Saturday, October 27, 2007

National Cancer Institute Thesaurus

The National Cancer Institute (NCI) Thesaurus is a free medical vocabulary available in OWL format from:

It's really quite an impressive document, and there are very few standardized vocabularies that have been prepared as formal ontologies. The creators wisely used the semantics of OWL (Web Ontology Language), a dialect of RDF.

The NCI thesaurus contains terms related to the interests of the NCI and contains the names of many neoplasms.

This vocabulary has been curated for over a decade by in-house ontologists (NCI employees), contractors, and through the use of domain consultants (including some pathologists). It is updated monthly. A lot of money has gone into the development of the NCI Thesaurus, and it is one of the most worked-on vocabularies in the medical field.

The NCI Thesaurus has been reviewed by Barry Smith and colleagues, who found it somewhat lacking.

"RESULTS: We found many mistakes and inconsistencies
with respect to the term-formation principles used,
the underlying knowledge representation system,
and missing or inappropriately assigned verbal and
formal definitions.."
Ceusters W, Smith B, Goldberg L.
A terminological and ontological analysis of the
NCI Thesaurus. Methods Inf Med. 2005;44(4):498-507.

My question is, "If the Thesaurus contains many different knowledge domains (medications, general diseases, neoplasms, etc.) how can it adequately cover all of its constituent domains?" In the neoplasm domain, it is missing many thousands of names of neoplasms. The terminology may be sufficient for its intended purpose (meeting the needs of the NCI community), but because the terminology is not comprehensive, the NCI Thesaurus will not necessarily serve those who want a thesaurus that comes close to including the names of ALL neoplasms.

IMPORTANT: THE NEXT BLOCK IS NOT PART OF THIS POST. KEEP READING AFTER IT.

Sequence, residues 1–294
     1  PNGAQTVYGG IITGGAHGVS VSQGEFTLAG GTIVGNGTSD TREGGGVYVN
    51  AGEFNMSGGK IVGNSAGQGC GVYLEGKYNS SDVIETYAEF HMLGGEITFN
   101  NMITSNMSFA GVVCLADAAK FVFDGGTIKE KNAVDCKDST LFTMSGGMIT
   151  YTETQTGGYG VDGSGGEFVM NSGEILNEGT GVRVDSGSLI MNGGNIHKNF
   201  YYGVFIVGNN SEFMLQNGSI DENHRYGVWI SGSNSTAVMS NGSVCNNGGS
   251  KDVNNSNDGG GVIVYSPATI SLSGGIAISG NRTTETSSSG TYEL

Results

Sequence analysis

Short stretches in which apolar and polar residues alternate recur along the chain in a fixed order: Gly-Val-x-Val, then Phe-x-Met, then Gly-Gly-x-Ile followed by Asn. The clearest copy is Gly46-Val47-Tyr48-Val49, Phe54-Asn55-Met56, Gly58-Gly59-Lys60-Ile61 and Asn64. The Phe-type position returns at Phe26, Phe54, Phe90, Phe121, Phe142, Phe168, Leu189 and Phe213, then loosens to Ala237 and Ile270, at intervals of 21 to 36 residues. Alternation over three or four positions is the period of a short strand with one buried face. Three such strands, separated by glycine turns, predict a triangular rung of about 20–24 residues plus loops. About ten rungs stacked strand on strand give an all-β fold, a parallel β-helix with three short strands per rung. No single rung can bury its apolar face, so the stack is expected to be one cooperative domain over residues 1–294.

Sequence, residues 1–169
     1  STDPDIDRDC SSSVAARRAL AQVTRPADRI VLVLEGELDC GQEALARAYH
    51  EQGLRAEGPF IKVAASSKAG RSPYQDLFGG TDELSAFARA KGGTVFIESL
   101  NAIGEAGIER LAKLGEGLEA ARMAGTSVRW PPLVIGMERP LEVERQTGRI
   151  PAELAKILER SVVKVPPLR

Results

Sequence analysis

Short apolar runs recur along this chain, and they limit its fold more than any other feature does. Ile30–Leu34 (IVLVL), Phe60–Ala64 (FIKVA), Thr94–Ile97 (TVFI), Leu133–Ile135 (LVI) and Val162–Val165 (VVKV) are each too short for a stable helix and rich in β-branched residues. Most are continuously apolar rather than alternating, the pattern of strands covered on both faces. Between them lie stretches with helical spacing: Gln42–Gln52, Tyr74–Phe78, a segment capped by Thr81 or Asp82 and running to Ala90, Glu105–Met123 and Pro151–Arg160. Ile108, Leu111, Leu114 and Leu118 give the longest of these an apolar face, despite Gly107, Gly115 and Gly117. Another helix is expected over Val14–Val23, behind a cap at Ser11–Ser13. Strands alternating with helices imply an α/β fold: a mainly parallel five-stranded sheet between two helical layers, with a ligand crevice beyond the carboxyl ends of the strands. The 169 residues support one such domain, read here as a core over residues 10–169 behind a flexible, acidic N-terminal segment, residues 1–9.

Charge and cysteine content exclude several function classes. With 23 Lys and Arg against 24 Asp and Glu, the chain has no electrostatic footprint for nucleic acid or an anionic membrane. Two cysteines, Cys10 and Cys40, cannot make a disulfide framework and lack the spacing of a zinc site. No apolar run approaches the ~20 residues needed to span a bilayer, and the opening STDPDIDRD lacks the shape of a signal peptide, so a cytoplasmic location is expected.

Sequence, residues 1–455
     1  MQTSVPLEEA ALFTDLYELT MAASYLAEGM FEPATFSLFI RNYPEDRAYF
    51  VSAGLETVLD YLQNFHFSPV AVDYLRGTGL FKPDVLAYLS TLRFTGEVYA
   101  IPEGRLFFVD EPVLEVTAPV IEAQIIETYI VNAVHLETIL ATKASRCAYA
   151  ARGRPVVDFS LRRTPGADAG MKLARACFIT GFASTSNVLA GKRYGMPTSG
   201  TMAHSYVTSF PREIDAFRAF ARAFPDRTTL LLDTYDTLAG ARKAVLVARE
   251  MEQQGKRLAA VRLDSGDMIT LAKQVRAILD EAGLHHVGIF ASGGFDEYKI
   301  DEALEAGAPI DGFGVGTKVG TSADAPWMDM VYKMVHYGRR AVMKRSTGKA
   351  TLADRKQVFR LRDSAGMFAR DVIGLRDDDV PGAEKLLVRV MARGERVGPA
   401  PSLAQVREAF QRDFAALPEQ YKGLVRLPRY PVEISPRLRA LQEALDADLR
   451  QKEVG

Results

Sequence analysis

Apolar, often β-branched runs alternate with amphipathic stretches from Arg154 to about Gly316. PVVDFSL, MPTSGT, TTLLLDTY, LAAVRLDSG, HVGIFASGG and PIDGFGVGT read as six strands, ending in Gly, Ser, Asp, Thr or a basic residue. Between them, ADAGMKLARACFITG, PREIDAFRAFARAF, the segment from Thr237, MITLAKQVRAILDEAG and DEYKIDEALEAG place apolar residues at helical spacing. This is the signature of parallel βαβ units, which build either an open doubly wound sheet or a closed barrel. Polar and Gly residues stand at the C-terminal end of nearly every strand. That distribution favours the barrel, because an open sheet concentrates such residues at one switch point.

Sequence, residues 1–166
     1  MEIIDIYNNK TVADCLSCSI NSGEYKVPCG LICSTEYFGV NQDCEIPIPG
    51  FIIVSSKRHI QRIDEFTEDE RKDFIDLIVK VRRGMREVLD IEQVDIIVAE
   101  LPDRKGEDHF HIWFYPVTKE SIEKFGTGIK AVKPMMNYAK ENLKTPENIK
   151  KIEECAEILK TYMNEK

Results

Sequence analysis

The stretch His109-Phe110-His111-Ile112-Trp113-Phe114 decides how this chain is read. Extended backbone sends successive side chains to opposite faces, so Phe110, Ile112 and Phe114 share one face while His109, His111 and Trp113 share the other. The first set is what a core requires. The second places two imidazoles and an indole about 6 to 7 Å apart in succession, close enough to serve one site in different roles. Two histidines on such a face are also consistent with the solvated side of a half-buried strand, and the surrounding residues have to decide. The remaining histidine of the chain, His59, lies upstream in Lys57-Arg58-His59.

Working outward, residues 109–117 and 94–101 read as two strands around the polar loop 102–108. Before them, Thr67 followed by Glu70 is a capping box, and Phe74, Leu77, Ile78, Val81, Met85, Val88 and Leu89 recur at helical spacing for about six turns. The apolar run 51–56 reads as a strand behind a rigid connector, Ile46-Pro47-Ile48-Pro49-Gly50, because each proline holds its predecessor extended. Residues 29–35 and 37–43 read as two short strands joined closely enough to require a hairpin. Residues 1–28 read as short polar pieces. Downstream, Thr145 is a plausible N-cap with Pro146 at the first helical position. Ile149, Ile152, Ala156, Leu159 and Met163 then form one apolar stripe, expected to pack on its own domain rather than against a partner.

Also, there doesn't seem to be any single organizing principle for the neoplasm domain. Some neoplasms are subclassed by their anatomic site (e.g. urinary tract neoplasm). Others are subclassed by their tissue type (e.g. soft tissue neoplasm). And so on. This is allowable under an ontology, so long as the ontology maintains consistency and competence (ability to answer questions about the members of classes). But I wonder if this is the best way of organizing tumors. Of course, I'm deeply biased. The Developmental Lineage Classification and Taxonomy of Neoplasms has a single organizing principle.

The NCI Thesaurus is an impressive piece of work and definitely worth looking over.

tags: biomedical informatics, cancer, classification, nomenclature, thesaurus, vocabulary, ontology, rare diseases, orphan drugs, genetics of disease, pathology, common diseases, complex diseases

In June, 2014, my book, entitled Rare Diseases and Orphan Drugs: Keys to Understanding and Treating the Common Diseases was published by Elsevier. The book builds the argument that our best chance of curing the common diseases will come from studying and curing the rare diseases.

I urge you to read more about my book. There's a generous preview of the book at the Google Books site. If you like the book, please request your librarian to purchase a copy of this book for your library or reading room.

- Jules J. Berman, Ph.D., M.D.